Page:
Obama Connects Keystone XL & Climate: Rejection Now a Must

In a landmark speech on climate change, President Obama made a bold statement that he would not approve the Keystone XL pipeline if it will significantly exacerbate the climate problem.  This is a huge step towards rejection of this pipeline, as virtually all analyses show that it is the linchpin for major tar sands fuel development in Canada.  Tar sands is an extremely dirty, carbon intensive fuel source that is refined into transportation fuel and a low-grade, high-carbon waste product known as petroleum coke, or petcoke, that is burnt as coal.

As scientists have said, tar sands development is a climate disaster.  As industry has said, it needs Keystone XL to propel major tar sands development plans to reality.  Put two and two together, and it is clear that building Keystone XL is a major carbon emissions driver, or, as the President said, will significantly exacerbate the climate problem.

A New Development in a Long Struggle

This is also a watershed moment for energy development.  After forty years of Presidential talk about ending our addition to fossils fuels, we finally have a President explicitly say in the context of a major fossil-fuel development project that, if the project is a driver of climate change, he’s going to say to no.  That has never happened before and its importance cannot be overstated.  It is a sign of Presidential leadership and the grassroots groundswell that is demanding climate action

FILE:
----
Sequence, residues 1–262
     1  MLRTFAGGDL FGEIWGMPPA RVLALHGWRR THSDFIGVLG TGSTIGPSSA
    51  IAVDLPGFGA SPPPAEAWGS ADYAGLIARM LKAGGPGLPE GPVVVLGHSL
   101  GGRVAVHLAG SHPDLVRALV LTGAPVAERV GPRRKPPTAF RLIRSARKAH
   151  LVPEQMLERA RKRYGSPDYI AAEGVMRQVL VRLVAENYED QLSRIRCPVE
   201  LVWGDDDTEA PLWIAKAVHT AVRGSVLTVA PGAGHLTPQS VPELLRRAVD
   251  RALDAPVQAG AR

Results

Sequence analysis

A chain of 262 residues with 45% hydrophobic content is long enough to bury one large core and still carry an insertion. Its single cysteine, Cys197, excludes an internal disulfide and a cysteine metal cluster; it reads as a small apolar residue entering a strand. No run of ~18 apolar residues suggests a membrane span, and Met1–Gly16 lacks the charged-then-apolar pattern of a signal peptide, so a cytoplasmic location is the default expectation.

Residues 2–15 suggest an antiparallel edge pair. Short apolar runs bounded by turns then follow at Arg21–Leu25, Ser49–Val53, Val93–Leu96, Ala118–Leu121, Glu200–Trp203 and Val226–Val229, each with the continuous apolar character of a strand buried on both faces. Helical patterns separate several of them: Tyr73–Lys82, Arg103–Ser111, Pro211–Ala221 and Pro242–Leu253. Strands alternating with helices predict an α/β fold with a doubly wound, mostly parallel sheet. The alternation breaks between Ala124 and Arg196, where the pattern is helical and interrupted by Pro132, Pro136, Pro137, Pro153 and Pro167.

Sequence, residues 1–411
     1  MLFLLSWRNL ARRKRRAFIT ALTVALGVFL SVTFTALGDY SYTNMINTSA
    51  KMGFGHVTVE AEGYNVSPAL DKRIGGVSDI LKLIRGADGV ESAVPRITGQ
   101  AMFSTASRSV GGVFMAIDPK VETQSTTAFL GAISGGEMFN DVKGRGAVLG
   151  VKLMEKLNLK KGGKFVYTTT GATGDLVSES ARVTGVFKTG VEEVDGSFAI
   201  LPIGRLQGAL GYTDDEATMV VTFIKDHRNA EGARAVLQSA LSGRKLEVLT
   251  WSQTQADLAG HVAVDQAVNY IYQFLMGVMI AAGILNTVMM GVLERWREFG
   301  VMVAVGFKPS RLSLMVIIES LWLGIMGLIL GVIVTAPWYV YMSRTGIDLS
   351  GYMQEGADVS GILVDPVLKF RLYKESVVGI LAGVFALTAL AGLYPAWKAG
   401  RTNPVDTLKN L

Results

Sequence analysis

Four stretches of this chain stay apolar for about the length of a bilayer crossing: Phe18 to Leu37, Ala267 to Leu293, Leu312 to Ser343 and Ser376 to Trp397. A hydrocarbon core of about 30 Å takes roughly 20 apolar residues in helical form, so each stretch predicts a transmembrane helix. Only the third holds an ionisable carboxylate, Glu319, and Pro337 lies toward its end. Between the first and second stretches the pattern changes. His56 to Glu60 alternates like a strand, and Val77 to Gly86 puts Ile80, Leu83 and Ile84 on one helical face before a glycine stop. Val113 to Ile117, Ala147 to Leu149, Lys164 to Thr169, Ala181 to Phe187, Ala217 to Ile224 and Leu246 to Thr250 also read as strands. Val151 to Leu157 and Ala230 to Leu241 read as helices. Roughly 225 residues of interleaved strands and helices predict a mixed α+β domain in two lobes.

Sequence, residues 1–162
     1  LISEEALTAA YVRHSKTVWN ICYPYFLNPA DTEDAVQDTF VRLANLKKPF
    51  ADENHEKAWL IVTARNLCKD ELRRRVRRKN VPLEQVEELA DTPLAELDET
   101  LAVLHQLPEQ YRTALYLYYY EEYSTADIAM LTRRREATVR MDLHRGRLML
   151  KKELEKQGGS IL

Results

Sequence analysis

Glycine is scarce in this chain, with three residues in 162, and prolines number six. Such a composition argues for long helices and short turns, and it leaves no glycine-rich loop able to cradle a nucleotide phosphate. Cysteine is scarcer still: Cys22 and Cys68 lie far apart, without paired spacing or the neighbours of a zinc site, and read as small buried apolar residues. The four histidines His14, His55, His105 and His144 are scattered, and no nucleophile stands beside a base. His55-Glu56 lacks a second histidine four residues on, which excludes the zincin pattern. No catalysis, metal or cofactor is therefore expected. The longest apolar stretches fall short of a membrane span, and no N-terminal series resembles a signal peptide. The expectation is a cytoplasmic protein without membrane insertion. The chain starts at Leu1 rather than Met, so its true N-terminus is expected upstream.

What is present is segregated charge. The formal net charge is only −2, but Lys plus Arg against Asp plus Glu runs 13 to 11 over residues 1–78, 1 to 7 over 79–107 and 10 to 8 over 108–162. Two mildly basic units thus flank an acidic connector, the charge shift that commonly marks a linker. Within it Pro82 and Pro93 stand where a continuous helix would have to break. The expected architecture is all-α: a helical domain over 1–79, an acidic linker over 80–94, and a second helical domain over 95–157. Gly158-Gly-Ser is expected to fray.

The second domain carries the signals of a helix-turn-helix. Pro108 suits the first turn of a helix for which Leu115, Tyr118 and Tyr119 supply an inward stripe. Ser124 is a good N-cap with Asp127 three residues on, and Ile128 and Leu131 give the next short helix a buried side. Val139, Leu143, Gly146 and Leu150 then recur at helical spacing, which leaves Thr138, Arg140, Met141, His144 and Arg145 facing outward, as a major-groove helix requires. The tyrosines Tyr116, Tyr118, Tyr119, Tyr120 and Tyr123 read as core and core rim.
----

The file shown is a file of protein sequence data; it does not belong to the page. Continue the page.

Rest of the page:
NWF staffers (left) joined compatriots from other organizations to rally around climate action in Washington today. Photo via Flickr.
NWF staffers (left) joined compatriots from other organizations to rally around climate action in Washington today. Photo via Flickr.
Of course, the critical moment will come when a decision occurs. The State Department, which nominally will make the pipeline decision, put forth an initial meek analysis indicating that it believed tar sands would be developed anyway.  The EPA and financers like Goldman Sachs are skeptical or disagree, as do most industry observers.  State Department’s study is preliminary, in the minority, and nearly impossible to defend with a straight face.  It was also the product of consultants with ties to the tar sands industry.

Things have already changed since this initial study.  Today the President doubled down on his commitment to addressing climate, we have a Secretary of State that has a built a record as a climate leader, and the need for action, as described by NWF CEO Larry Schweiger, couldn’t be more urgent:

Cutting the pollution that’s fueling global warming is critical to protect not only the communities, infrastructure and economy that support our livelihoods, but the wildlifebirds and fish that sustain our spirits.

America’s economy is growing at a time when our carbon emissions are falling. That’s proof we don’t need more dirty energy to fuel our economy—we need more of the clean energy and efficient technology that’s already creating jobs and saving families money.

Today’s announcement was a significant step in turning away from dirty fuels and towards clean energy.  Keystone XL is a climate, safety and wildlife disaster and not in our national interest.  Today’s momentous event has set the stage for its denial and hopefully signals a major turn towards making energy decisions our children and grandchildren will be proud of.

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